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Old 04-30-2013, 09:05 AM   #4
alexdobin
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Location: NY

Join Date: Feb 2009
Posts: 161
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This appears to be an interesting case.
Here is how I assess this mapping statistics.

First check the uniquely mapped reads:
Average mapped length | 199.28 : good, close you your pair length of 202
Mismatch rate per base, % | 1.11% : a bit on the high side, you would get 0.5-0.8% for good libraries,
The splices are dominated by annotated and canonical, which is good.
The indel rate is low.
So, the reads that actually mapped uniquely - as few as they are - look fine.

The ratio of unique to multimappers is 7.28%/1.26% ~ 6 is somewhat high, that is - for typical human cells, I am not sure what are you sequencing. Our typical value is 15-20.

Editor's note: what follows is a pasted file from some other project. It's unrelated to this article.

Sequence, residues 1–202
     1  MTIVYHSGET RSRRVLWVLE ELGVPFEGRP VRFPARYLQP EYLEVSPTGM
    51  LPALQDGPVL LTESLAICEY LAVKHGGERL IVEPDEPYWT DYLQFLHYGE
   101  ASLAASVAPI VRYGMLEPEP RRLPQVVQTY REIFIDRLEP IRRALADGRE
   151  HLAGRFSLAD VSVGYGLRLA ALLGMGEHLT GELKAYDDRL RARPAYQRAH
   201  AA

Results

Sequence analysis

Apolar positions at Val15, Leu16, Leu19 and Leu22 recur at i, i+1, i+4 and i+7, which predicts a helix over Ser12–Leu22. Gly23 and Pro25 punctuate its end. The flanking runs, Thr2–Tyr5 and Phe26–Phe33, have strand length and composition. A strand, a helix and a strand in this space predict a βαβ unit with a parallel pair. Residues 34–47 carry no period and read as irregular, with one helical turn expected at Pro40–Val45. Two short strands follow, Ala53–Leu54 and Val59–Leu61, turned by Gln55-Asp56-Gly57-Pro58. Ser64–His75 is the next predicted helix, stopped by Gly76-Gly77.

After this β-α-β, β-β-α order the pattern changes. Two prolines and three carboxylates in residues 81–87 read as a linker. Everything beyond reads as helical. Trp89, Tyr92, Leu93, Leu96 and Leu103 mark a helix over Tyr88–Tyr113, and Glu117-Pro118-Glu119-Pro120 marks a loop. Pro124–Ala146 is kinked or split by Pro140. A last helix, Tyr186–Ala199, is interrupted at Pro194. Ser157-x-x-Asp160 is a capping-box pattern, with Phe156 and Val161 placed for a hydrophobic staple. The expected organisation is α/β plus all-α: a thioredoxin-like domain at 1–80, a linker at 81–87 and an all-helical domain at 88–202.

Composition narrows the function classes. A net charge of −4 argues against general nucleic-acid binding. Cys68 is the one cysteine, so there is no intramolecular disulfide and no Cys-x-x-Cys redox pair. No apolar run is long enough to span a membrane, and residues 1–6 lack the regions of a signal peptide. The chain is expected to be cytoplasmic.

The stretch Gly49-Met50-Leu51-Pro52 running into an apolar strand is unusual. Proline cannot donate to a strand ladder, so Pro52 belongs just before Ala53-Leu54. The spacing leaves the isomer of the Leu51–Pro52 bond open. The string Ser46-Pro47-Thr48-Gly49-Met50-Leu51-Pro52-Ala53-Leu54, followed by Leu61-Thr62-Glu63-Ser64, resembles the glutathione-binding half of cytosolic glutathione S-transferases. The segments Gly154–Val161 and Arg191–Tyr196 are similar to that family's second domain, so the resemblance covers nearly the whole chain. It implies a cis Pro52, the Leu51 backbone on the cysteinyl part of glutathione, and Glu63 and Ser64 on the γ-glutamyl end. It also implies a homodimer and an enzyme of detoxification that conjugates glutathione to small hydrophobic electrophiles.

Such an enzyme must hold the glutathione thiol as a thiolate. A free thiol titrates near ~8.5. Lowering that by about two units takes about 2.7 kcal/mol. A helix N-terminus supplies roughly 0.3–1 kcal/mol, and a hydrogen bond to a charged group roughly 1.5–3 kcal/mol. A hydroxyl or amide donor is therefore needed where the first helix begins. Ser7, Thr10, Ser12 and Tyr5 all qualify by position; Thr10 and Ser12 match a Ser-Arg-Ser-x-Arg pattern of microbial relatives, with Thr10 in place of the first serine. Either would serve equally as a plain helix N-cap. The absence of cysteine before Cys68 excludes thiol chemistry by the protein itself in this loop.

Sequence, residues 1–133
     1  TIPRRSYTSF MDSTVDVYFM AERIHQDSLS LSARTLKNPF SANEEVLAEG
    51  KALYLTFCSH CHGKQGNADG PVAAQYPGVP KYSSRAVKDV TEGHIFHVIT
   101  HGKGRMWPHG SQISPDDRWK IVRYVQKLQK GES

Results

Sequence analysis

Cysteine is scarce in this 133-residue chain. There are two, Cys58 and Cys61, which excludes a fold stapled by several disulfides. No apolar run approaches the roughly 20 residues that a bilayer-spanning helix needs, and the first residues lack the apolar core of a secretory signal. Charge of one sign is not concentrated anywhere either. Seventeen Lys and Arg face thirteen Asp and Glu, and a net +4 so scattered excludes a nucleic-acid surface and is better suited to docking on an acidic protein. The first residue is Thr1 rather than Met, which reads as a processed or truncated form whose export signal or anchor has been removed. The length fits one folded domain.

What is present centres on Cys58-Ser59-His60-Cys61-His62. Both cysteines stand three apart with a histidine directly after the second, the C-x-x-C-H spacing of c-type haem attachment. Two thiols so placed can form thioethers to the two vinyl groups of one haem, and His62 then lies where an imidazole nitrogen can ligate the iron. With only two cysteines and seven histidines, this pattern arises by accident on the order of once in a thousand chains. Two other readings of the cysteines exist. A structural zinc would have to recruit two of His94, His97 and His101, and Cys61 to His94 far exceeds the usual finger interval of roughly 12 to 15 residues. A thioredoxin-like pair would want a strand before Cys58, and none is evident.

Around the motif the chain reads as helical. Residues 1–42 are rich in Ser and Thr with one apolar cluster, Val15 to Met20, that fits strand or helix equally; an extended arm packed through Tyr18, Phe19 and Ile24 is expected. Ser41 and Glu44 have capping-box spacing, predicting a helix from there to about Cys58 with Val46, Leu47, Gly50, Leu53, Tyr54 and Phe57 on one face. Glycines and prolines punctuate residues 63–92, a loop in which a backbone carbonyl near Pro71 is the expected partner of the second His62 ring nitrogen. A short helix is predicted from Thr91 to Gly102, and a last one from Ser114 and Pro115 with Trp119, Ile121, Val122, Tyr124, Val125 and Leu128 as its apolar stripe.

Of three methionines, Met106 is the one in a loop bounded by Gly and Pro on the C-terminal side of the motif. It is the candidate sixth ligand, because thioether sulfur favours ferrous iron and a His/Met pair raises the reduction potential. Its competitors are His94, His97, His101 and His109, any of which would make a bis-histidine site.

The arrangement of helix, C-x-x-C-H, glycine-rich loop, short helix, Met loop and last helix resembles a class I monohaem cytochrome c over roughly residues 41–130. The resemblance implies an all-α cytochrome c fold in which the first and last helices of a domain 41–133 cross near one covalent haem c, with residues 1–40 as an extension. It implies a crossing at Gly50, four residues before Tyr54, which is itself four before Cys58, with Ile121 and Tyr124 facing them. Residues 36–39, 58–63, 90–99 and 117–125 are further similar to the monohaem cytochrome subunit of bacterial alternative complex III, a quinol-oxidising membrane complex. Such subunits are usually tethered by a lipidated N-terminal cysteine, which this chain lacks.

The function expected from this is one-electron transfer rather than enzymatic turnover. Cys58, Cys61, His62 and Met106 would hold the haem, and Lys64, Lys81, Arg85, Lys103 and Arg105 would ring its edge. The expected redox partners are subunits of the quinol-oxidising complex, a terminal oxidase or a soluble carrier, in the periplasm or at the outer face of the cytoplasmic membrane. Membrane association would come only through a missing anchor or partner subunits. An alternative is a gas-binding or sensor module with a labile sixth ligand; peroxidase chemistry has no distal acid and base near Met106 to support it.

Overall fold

% of reads mapped to too many loci | 0.09% : by default "too many loci" is >10, but this number is good so you are not missing much.

Finally - most importantly - unmapped reads.
% of reads unmapped: too short | 1.19% : this number would be large if you had poor sequencing quality, it is surprisingly small (we typically get ~5%).

% of reads unmapped: other | 90.17% :
this where all the unmapped reads went and it is very unusual.

It means that for 90% of the reads STAR could not find good anchor seeds. Two main possibilities are:
1. Contamination. Most reads have very little homology with human genome. You can check it by BLASTing a few unmapped reads against everything.
2. Repeat regions dominate expression. The number of loci a seed could map to is limited by --winAnchorMultimapNmax = 50 by default. You could increase it to ~1000 to see if more reads get mapped (also increase --outFilterMultimapNmax to output them as multi-mappers).
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